Thank all for participating! We had such a turn out – just about 50 Enters from Facebook and here on my website!
Please watch our drawing to find out the winners!
Thank all for participating! We had such a turn out – just about 50 Enters from Facebook and here on my website!
Please watch our drawing to find out the winners!
So now that Falling for Shock has been out for a few days – and doing wondrously on the Amazon charts (THANK YOU!), I bet some of you are wondering just who The Shock is. Well, if you read through the book and read the author’s note, I credit not one of the men who played the part of Superman, but ALL. Actually, I started out including only the living Supermans: Dean Cain, Tom Welling, Brandon Routh and Henry Cavill. But as edits went on, I was able to include one more, George Reeves, as the legendary actor, George Brewer, who had once played the Shock in the fifties, just like George Reeves played Superman in the 1950s. And of course I couldn’t forget Christopher Reeve – the man that brought Superman into my generation.
Back when I was a little girl, I thought that my father was secretly Clark Kent because he and Christopher Reeve looked quite similar. At least I thought so, others disagree, but it doesn’t matter. It only matters what I thought. Anyhow, Christopher’s Superman started the fascination and it wasn’t until I was older-college age, that I realized through Dean Cain’s Lois and Clark, The New Adventures of Superman that Superman is gorgeous! Oh and responsible, gentlemanly, proper, and has a sensitive yet authoritative, stern soul. He was a perfect boyfriend material.
I followed along with all the rest of Supermans to come as the years went on and Lois and Clark was no longer on the air. Dean had moved on to acting, writing and directing other works and Smallville came next. Young Tom Welling kept the Superman canon alive though, by giving a new generation Clark Kent’s backstory set in Smallville, Kansas, quintessential small town America. Then a new movie Superman came to the silver screen, Brandon Routh in Superman Returns. I wasn’t a big fan of this one, but only because I felt Brandon didn’t make Superman his own, he more or less acted like Christopher Reeve and no one could be Christopher Reeve except for Christopher, who unfortunately had past away by that time. One very cool thing that Brandon did do, which was unlike Dean Cain’s brown-eyed Superman, was disguise his eye color and keep to the comics where Superman always had blue eyes.
Oh, but then came Henry Cavill in Man of Steel. Henry dedicated his role of Clark Kent and Superman to being the most honest, most emotional Superman there was. He went through rigorous training to achieve the amazing Superman physique, changed his Isle of Jersey accent to American, and even lived far away from his family, tapping into a sense of loneliness in order to bring out the desolation Clark/Kal-El felt living on Earth knowing he was different. It was actually Henry’s Superman and time while shooting in Plano, IL that inspired me the most. The cast and crew took over the tiny, midwestern town for the time they spent shooting there and integrated themselves into real feel of living in a Smallville-like place.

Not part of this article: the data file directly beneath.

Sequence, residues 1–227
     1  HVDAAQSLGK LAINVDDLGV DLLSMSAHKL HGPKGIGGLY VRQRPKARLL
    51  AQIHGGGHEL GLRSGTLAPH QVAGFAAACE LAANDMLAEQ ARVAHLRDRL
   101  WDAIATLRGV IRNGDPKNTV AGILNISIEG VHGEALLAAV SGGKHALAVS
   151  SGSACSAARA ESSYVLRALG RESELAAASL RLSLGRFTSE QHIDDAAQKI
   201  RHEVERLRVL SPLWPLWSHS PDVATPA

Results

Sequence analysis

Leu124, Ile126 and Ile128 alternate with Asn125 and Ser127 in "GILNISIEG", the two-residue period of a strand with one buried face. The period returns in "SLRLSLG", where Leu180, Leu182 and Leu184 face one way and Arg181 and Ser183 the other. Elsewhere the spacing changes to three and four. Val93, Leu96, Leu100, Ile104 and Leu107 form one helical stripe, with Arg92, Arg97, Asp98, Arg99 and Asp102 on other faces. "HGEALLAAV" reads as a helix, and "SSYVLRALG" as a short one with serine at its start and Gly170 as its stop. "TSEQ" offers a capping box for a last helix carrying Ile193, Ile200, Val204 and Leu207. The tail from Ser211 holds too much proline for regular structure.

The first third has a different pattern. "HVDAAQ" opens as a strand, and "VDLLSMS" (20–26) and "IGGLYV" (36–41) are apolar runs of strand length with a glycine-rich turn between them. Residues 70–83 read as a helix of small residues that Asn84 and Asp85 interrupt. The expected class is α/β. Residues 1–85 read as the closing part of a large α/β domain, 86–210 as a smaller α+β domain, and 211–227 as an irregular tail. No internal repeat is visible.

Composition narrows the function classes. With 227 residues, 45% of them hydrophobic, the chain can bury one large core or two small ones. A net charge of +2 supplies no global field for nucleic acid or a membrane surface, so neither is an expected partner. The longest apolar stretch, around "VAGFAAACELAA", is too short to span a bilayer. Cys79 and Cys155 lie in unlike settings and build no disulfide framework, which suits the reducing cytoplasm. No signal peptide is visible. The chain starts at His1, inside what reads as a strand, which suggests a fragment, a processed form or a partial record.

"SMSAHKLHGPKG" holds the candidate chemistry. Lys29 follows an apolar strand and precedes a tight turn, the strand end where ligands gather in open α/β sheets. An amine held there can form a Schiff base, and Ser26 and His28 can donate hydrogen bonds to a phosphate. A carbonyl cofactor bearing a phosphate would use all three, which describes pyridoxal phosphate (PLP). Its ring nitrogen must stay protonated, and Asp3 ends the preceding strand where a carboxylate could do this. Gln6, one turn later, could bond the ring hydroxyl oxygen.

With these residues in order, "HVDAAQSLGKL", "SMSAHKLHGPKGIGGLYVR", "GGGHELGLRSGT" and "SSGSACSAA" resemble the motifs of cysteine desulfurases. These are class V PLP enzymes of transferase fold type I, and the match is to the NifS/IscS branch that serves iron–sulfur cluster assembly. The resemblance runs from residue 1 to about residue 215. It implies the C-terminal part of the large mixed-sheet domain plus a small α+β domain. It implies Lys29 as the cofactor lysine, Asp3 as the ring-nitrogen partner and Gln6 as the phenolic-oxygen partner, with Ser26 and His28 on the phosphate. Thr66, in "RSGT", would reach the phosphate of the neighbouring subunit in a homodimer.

I had visited Plano last summer and there were so many little nooks and crannies – alleyways and such, where my writer’s mind went a little crazy. While I was driving home I happened to wonder what would a superhero actor do if they happened upon a crime in progress? And little by little, as I have mentioned before, the story evolved. From there, my son and I created a new comic book character and The Shock was born. We have some pretty cute rough sketches and descriptions of all the Shock’s enemies, friends, and family, because they had to come first, before a romantic novel could even be planned. And once the Shock was set, then the story of Oliver Hannel and Layla Brooks could emerge.
So now you know the ins and outs of how the Shock and Superman are connected and which Superman had what part! In list style for you.
George Reeves = George Brewer, the actor who Oliver Hannel meets as a young and poor bartender and gives him the best advice and help a stranger could give a budding actor.
Christopher Reeve = my own personal inspiration. Without him none of this story would ever come to be.
Dean Cain = Dean Clemens, the seasoned director of The Shock.
Tom Welling = His work on Smallville gave me the quintessential feel for small town America. And I gave his last name to Ira Welling, friend and co-star to Oliver Hannel.
Brandon Routh = Oliver has his brown eyes and needs to change them to blue contacts, just like Brandon while playing the Shock.
Henry Cavill = Henry is Oliver’s background, the British actor playing the part of a superhero. His work on Man of Steel inspired a lot of the work Oliver did for The Shock.
To own your very own copy of Falling for Shock
Just like babies are created and born out of love… so are books. They start out as little seeds, a bud of an idea, a trigger of a thought from a song, another book, an event, or maybe a movie. It is conception. At first, the jumble of ideas can make the author dizzy and a touch sick because all of the pieces are trying to form in their mind and all that comes out is either a spew of a few words, or a thick wave of intricate plots and characters. Overall, it’s not pretty and definitely not worth anything to anyone except the writer much like a newly pregnant woman doesn’t want to be seen in the throws of morning sickness before she has announced her good news.